There has been a lot of discussion recently about the “missing middle” in our cities, particularly in Toronto.
This expression seems to alternately describe the lack of affordable housing for middle-class families or the lack of sufficient housing to fill the ever-widening price gap between single family houses and highrise apartments. There is no reason, however, that these two concerns cannot be met through the construction of midrise mixed-use buildings to fill both needs.
According to the United Nations two thirds of the world’s population will be living in cities by 2050; in North America 82 per cent of us already are. In addition, the population of the GTHA is projected to reach 10 million by 2050, which will qualify it as one of the world’s few megacities, superlarge cities with populations of 10 million or more.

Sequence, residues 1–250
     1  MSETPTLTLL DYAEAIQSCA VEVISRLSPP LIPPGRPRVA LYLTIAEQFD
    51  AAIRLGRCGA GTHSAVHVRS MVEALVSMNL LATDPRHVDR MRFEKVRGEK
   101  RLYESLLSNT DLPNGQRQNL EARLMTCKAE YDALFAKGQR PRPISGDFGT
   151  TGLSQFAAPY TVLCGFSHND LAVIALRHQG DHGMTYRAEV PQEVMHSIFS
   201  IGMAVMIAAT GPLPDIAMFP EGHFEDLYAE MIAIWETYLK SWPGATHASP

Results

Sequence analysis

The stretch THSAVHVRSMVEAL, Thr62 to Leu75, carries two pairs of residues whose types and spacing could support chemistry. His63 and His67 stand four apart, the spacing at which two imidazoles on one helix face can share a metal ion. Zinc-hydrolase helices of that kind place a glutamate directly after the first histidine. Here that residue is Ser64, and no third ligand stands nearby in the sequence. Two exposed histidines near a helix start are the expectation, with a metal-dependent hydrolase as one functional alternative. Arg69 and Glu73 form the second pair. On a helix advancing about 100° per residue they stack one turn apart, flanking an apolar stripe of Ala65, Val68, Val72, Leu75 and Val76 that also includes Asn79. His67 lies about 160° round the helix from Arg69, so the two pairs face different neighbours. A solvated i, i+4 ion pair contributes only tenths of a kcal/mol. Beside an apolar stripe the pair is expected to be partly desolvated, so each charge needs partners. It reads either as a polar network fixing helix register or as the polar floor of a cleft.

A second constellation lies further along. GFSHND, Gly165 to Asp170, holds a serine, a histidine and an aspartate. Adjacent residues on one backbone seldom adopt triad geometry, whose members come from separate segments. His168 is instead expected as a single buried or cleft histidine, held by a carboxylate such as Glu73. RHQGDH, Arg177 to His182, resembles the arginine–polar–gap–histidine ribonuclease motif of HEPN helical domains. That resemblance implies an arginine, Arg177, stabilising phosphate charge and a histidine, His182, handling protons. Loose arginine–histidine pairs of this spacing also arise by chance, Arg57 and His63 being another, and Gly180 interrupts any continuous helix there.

As our region grows in population and intensifies, liveability scores regularly confirm the benefits of midrise residential development in creating vibrant, productive, compact and transit friendly environments in which to live and work, particularly as an alternative to urban sprawl.
Generally, the City of Toronto defines a midrise building as up to 12 storeys in height, and prefers to see them located along primary avenues as defined in the applicable zoning bylaws and guidelines. Although these types of projects have often been seen as a second choice in new development in the GTHA, a noticeable shift is underway, in part as millennials look to settle down and take on partners and families, and the increased lack of affordability in the single-family home market makes apartment living more manageable for families than a house.